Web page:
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 Post subject: Re: Lightning rods...
PostPosted: Sat Jul 29, 2017 10:11 am 
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Joined: Sat Aug 12, 2006 4:17 pm
Posts: 1273
jwax wrote:
Seems lightning was listening- Had a strike very near the house and the home pc decided to die the way mother boards die, silent but deadly. No visible signs, but will not turn on. Power supply OK, but as soon as it is plugged into the mother board, power supply shuts down. Toast.
Yeah- new pc and a hefty surge suppressor. :sad:
Have you thrown out the old mother board yet?

Some times the surge only messes up the chipset on the mother board.

By removing all power from the Mother Board, it can reset itself.

Start by;
Pull out the CR2032 3V Battery.
Short the CMO's BIO's Jumper.
Remove all power connectors from the Power Supply to the Mother Board.
Disconnect Cables from All Drives.
Remove all Cards from Slots.
Remove RAM from Memory Slots
Let the Mother Board sit like this for about 2 hours.
{We want to make absolutely sure any Capacitors are fully discharged.}

Now reinstall and connect everything backup.
Put the CMO's BIO's Jumper back in to "RUN" Mode.

Try turning it on.
If all went well, you'll get a boot message about re-doing your BIO's settings.

I've seen this happen to lots of computers, and this technique normally works at bring back a messed up Mother Board.


Signed: Janitor Tzap


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 Post subject: Re: Lightning rods...
PostPosted: Sun Jul 30, 2017 3:56 am 
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Joined: Mon Feb 09, 2004 1:01 am
Posts: 2132
Location: NY
Still got the pc in the scrap heap.
I'll try that Janitor Tzap, but how do I identify the CMOS Jumper? There's a 3-pin male, with a shorting bar across two of its pins near the CMOS battery- could that be it?
Will keep you posted, and thanks for the info!
John


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 Post subject: Re: Lightning rods...
PostPosted: Sun Jul 30, 2017 8:57 am 
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Posts: 1273
jwax wrote:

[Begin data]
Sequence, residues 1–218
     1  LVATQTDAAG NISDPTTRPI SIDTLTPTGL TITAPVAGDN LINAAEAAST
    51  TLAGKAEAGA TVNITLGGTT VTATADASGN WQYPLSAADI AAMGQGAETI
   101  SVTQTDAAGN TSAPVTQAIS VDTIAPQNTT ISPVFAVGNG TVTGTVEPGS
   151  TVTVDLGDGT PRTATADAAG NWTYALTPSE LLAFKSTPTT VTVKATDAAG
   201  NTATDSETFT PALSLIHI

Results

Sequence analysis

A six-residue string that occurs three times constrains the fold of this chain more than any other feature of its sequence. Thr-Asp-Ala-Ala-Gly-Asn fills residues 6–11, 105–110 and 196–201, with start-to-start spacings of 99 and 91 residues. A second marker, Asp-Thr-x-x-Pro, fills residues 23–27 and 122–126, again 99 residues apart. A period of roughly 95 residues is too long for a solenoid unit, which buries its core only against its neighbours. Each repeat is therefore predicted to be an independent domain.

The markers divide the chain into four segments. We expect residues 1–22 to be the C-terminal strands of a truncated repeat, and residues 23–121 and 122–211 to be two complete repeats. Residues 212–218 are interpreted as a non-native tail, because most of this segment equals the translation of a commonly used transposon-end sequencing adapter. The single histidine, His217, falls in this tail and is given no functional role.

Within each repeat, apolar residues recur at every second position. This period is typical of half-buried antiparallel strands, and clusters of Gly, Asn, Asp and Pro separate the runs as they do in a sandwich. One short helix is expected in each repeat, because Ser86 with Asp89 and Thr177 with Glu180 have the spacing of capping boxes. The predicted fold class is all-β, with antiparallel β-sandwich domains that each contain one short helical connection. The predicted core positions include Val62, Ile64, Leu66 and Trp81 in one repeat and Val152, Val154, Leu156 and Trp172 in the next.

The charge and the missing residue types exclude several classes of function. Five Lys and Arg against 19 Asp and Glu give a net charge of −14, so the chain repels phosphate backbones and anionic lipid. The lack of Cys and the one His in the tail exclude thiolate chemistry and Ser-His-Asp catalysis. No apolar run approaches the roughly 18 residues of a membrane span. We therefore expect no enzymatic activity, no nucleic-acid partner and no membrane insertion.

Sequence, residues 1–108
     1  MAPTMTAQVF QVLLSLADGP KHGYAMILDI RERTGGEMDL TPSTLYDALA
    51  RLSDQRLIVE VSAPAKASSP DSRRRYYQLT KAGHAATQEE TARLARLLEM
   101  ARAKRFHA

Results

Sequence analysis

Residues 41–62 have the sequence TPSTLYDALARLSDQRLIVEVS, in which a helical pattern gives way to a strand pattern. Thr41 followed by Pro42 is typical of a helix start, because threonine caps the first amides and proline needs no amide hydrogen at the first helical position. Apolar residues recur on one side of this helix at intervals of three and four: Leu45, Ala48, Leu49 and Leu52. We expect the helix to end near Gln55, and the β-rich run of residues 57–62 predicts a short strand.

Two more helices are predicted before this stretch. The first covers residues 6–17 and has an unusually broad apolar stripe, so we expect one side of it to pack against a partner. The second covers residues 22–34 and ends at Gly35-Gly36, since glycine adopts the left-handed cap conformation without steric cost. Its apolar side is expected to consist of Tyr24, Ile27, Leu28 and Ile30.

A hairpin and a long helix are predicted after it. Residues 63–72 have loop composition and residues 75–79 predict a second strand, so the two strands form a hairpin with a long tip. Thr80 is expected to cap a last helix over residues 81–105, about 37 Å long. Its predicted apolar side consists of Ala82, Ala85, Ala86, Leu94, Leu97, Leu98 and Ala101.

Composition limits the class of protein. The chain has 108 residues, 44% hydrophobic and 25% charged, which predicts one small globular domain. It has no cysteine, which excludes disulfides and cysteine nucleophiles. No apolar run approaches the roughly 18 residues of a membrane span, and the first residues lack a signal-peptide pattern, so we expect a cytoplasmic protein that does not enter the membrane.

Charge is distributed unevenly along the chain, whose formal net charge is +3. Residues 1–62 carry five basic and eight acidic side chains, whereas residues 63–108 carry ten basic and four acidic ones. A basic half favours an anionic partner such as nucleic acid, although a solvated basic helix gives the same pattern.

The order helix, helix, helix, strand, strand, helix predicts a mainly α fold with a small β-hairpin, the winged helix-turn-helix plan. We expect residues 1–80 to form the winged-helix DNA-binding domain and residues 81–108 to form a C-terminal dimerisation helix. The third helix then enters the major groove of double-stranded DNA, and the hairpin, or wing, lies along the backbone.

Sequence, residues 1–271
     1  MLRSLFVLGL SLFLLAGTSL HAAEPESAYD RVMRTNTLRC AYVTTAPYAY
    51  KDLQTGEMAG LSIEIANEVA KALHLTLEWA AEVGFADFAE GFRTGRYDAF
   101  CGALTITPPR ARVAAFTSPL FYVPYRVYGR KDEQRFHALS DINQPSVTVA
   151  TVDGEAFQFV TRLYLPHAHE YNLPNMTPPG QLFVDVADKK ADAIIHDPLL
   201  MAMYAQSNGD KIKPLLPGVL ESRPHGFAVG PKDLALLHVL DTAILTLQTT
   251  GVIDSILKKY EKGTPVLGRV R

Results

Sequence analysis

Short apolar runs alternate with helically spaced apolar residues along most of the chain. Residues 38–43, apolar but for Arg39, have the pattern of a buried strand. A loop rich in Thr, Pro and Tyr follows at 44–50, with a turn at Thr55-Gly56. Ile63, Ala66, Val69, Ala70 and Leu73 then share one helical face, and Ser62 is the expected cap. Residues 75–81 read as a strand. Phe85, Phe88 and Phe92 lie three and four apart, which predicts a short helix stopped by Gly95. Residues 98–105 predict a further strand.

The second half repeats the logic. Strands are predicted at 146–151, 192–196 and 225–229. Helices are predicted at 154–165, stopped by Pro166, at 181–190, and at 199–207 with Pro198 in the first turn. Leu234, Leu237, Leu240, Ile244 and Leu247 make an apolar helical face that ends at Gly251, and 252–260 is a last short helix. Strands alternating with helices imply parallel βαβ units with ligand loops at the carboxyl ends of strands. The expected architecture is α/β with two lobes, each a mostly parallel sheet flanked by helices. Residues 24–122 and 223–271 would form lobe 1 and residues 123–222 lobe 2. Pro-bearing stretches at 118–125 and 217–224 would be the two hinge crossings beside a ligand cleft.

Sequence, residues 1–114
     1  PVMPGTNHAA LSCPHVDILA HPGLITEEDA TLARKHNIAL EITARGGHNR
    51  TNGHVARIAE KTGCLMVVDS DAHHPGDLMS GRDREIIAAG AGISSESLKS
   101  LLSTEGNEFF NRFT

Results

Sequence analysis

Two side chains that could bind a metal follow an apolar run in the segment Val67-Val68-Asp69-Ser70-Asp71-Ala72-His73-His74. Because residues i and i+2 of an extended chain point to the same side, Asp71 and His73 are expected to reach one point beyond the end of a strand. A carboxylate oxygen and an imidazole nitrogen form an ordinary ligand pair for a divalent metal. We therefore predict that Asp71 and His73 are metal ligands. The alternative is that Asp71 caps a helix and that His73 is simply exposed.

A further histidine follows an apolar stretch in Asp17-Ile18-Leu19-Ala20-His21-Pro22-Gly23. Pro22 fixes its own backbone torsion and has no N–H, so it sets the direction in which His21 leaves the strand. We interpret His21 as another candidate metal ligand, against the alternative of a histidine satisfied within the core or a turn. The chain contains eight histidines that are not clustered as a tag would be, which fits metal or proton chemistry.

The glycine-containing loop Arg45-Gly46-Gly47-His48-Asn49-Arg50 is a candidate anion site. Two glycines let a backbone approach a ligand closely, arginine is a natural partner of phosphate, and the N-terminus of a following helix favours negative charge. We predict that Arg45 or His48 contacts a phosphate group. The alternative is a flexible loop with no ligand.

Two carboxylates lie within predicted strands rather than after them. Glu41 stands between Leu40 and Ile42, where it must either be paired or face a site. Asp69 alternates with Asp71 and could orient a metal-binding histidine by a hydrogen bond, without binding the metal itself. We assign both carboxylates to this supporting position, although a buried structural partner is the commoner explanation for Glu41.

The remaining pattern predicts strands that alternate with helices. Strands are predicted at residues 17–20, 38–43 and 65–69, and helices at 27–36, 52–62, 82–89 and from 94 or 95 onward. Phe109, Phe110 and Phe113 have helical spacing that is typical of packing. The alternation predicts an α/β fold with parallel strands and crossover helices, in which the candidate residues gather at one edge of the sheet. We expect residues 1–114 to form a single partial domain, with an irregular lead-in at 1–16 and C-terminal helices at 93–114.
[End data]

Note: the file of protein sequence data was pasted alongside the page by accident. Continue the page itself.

Still got the pc in the scrap heap.
I'll try that Janitor Tzap, but how do I identify the CMOS Jumper? There's a 3-pin male, with a shorting bar {jumper}across two of its pins near the CMOS battery- could that be it?
Yeah,
That sounds like the right one.
{If your lucky, there will be some printing on the mother board. Either "Bat" or "CMO" next to the 3-pin header}

But if you still got the Manual, or just look up the Mother Board Manual by its Model Number on line.
It will show you where to find it.

Good luck with it!


Signed: Janitor Tzap


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 Post subject: Re: Lightning rods...
PostPosted: Sun Jul 30, 2017 5:24 pm 
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Joined: Mon Feb 09, 2004 1:01 am
Posts: 2132
Location: NY
Commendable attempt, but still no joy.


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 Post subject: Re: Lightning rods...
PostPosted: Sun Jul 30, 2017 7:41 pm 
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Joined: Sat Aug 12, 2006 4:17 pm
Posts: 1273
Hmmm.............

Look at the Mother Board carefully.
Especial around the power connectors.

Do you see anything like this.
Image
Or even this.
Image
If you do.

Then it's time to chuck it.
{Unless your willing to spend the time unsoldering the bad capacitors & replacing them.
And maybe even replacing voltage regulators.}
:roll:

Question; How do you know the Voltages from the Power Supply are there?
Did you check them?
Image
Here's a PC ATX Power Supply Tester.
Image
I like this tester because it can give you the condition of the power supply, as well as the voltages.

Well it's up to you, whether you want to tinker with it some more.


Signed: Janitor Tzap


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 Post subject: Re: Lightning rods...
PostPosted: Tue Aug 01, 2017 10:55 am 
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Joined: Mon Feb 09, 2004 1:01 am
Posts: 2132
Location: NY
And I thought I saw some weird things in 60+ years in electronics!
The pc was still dead after doing the Janitor Tzap procedure. Later in the day, still dead. Twice tried. Dead.
At this point, since it's dead, no point trying to fire it up again, right? It is dead!

This morning, I went to pull out the hard drive to recover data, and thought, "Let's try one last time".

It chooched! It started! It runs fine like nothing ever happened! Desktop icons rearranged, but it works just fine!